Table 1

Demographics and clinical characteristics of children

N (%) unless otherwise specified

All

N =7

9 eyes

JIA-U

N =3

4 eyes

I-CAU

N =4

5 eyes

Female

6 (86)

3 (100)

3 (75)

Race

 Caucasian

3 (43)

2 (67)

1 (25)

 African-American

4 (57)

1 (33)

3 (75)

 Non-Hispanic

7 (100)

3 (100)

4 (100)

Disease characteristics

 Median age at uveitis diagnosis, years, SD

6, 9

6, 5.6

8.8, 5.3

 Median age at tear collection, years, SD

15, 1.8

 Bilateral disease

6 (86)

2 (67)

4 (100)

 Ocular complicationsa

7 (100)

3 (100)

4 (100)

 ANA-positive

4 (57)

3 (100)

1 (25)

Medications

 Topical glucocorticoids

4 (57)

1 (33)

3 (75)

 Topical glaucoma medications

1 (14)

0 (0)

1 (25)

 Methotrexate

4 (57)

1 (33)

3 (75)

 Mycophenolate mofetil

1 (14)

0 (0)

1 (25)

 Infliximab

1 (14)

1 (33)

0 (0)

 Adalimumab

2 (28)

1 (33)

1 (25)

aOcular complications: synechiae, cataracts, glaucoma, ocular hypertension, band keratopathy, cystoid and macular edema

Table 2

Cytokines detected in tears of JIA-U and I-CAU in this study and from aqueous humor in previous studies

Authors, year

Disease a (n)

Samples

Cytokines/chemokines

Direction

Present findings JIA-U vs. I-CAU

Haasnoot, 2016 [9]

JIA-U [21]

CAU [15]

IU [28]

Controls [8]

AqH

IL-29/ IFN-λ1

Decreased in JIA-U vs CAU, IU and controls

Not detected

  

LAP

Increased in JIA-U vs IU and controls

Decreased

  

S100A8

Decreased JIA-U vs. IU

Increased

  

sCD14

Increased JIA-U vs. controls

Increased

Walscheid, 2015 [12]

JIA-U [17]

IAU [12]

Controls [16]

AqH

S100A8

Increased JIA-U and IAU vs. controls

Increased

  

S100A9

Increased JIA-U and IAU vs. controls

Decreased

Ayuso, 2013 [8]

JIA-U [14]

CAU [8]

Other Uveitis [30]

Controls [20]

AqH

TTR

Increased JIA-U and CAU vs. other uveitis and controls

Increased

JIA-U JIA-associated uveitis, CAU chronic anterior uveitis, IU idiopathic uveitis which included non-anterior uveitis, IAU idiopathic anterior uveitis, IL-29/IFN-λ1

interleukin-29/interferon-λ1, LAP latency associated peptide, S100 S100 calcium binding protein, sCD14 soluble cluster of differentiation 14, TTR transthyretin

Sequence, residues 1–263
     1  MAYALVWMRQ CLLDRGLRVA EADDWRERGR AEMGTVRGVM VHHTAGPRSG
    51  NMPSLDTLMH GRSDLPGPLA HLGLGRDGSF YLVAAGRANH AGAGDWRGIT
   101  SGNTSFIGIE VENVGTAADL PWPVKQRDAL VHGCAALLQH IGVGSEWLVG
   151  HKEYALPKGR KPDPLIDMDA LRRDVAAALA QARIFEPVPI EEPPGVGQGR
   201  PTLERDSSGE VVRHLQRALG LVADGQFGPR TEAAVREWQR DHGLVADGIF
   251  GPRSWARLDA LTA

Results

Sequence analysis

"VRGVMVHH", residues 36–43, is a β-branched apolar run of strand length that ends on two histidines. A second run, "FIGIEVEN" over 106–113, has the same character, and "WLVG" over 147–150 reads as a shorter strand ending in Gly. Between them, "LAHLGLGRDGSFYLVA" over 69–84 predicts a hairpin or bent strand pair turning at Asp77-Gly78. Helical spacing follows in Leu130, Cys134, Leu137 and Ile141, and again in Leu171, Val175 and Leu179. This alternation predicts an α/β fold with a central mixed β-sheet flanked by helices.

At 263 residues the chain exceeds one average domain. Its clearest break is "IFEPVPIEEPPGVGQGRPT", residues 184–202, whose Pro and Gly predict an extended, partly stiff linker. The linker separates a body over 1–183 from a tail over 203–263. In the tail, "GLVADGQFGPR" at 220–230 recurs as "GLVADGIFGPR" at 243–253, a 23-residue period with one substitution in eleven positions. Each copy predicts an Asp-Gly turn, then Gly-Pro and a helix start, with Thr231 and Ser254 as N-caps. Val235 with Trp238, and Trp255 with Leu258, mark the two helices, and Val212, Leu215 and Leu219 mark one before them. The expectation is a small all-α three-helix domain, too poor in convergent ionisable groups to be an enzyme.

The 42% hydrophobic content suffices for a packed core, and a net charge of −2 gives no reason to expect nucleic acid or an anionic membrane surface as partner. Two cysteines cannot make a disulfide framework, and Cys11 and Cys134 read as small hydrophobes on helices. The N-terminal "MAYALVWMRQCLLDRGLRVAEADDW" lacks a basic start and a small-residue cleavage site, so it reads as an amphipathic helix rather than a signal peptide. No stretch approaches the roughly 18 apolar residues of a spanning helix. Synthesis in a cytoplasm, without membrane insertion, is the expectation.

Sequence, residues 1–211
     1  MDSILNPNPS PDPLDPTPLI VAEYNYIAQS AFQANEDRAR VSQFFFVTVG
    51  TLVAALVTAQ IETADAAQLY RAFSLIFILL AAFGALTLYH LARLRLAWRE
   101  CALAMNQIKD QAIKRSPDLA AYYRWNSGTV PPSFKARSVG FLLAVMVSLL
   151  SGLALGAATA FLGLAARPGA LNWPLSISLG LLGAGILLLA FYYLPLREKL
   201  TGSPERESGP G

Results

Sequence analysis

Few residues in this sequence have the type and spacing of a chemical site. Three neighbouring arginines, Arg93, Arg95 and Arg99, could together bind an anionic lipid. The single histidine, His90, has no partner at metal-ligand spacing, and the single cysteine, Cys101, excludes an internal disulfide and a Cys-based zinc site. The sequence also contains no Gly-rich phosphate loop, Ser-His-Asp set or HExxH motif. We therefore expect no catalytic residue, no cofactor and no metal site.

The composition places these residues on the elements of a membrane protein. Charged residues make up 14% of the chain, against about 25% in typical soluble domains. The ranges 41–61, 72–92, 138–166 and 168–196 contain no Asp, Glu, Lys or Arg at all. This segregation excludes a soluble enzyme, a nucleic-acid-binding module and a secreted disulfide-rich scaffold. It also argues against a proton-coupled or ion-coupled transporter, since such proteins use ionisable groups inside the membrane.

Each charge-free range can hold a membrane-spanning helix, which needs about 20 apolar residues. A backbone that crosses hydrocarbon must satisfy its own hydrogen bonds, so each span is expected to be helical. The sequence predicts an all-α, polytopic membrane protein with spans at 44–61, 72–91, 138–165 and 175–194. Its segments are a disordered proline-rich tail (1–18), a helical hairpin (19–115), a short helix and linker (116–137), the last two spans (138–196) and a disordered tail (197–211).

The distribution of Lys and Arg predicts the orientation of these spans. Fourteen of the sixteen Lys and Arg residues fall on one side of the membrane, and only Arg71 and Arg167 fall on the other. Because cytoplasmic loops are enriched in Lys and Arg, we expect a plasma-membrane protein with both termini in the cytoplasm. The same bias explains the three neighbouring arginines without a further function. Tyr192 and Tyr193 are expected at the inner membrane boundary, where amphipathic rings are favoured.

aDisease categories are listed are as they were presented in each study and do not necessarily conform to our disease descriptions

Cytokines/chemokines in tears

We first performed a targeted analysis for cytokines and chemokines reported in AqH (Additional file 1) [811]. We detected CD14, S100 calcium binding protein (S100) A8/A9, serum amyloid A (SAA1), latency-associated peptide (LAP3), TTR, and macrophage migration inhibitory factor (MIF) in all nine tear samples. On further comparison, CD14, S100A8, and SAA1 had higher expression in children with JIA-U compared to I-CAU, while S100A9, LAP3, TTR, and MIF had lower expression in children with JIA-U (Fig. 1).
Fig. 1
Fig. 1

Differences in expression level (fold change) of seven cytokines of interest from earlier aqueous humor and serum studies [812] in patients with JIA-U compared to those with I-CAU. Black bars depict proteins that are upregulated, and stippled bars show proteins that are downregulated

Tear proteins in children differentially detected between JIA-U and I-CAU

We identified 29 unique proteins with significant differences between JIA-U and I-CAU. We then performed hierarchical clustering analysis using these differentially expressed proteins (Fig. 2). Green, black, and red reflect high, average, and low expression, respectively, in JIA-U compared to I-CAU. As shown in Fig. 2, these proteins could differentiate between samples obtained from children with JIA-U and I-CAU. Fourteen proteins were expressed at a higher level in JIA-U, and 15 were expressed at a lower level in JIA-U compared to I-CAU. Proteins with biological relevance were SAA1, metalloproteinase inhibitor 1 (TIMP1), beta-hexosaminidase subunit beta (HEXB), and serine/threonine-protein kinase/endoribonuclease IRE1 (ERN1), which were increased in JIA-U. Dnaj homolog subfamily B member 1 (DNAJB1) was decreased in JIA-U compared to I-CAU. The relevance of the other proteins is unknown (Fig. 2). These observations suggest that tear biomarker profiles could be useful in distinguishing subtypes of anterior uveitis.
Fig. 2
Fig. 2

Cluster analysis of 29 proteins differentially expressed between patients with JIA-U (orange) and I-CAU (blue). The list of differentially expressed proteins was generated using Mann-Whitney U test, with p < 0.05. Complete linkage clustering algorithm, in which distance is a measure of similarity, was used to generate the hierarchical clustering tree. In the tree, each row represents a separate protein and each column represents a sample. The normalized expression level of each protein (rows) in each sample (columns) is indicated by color. Green, black, and red reflect high, medium, and low expression, respectively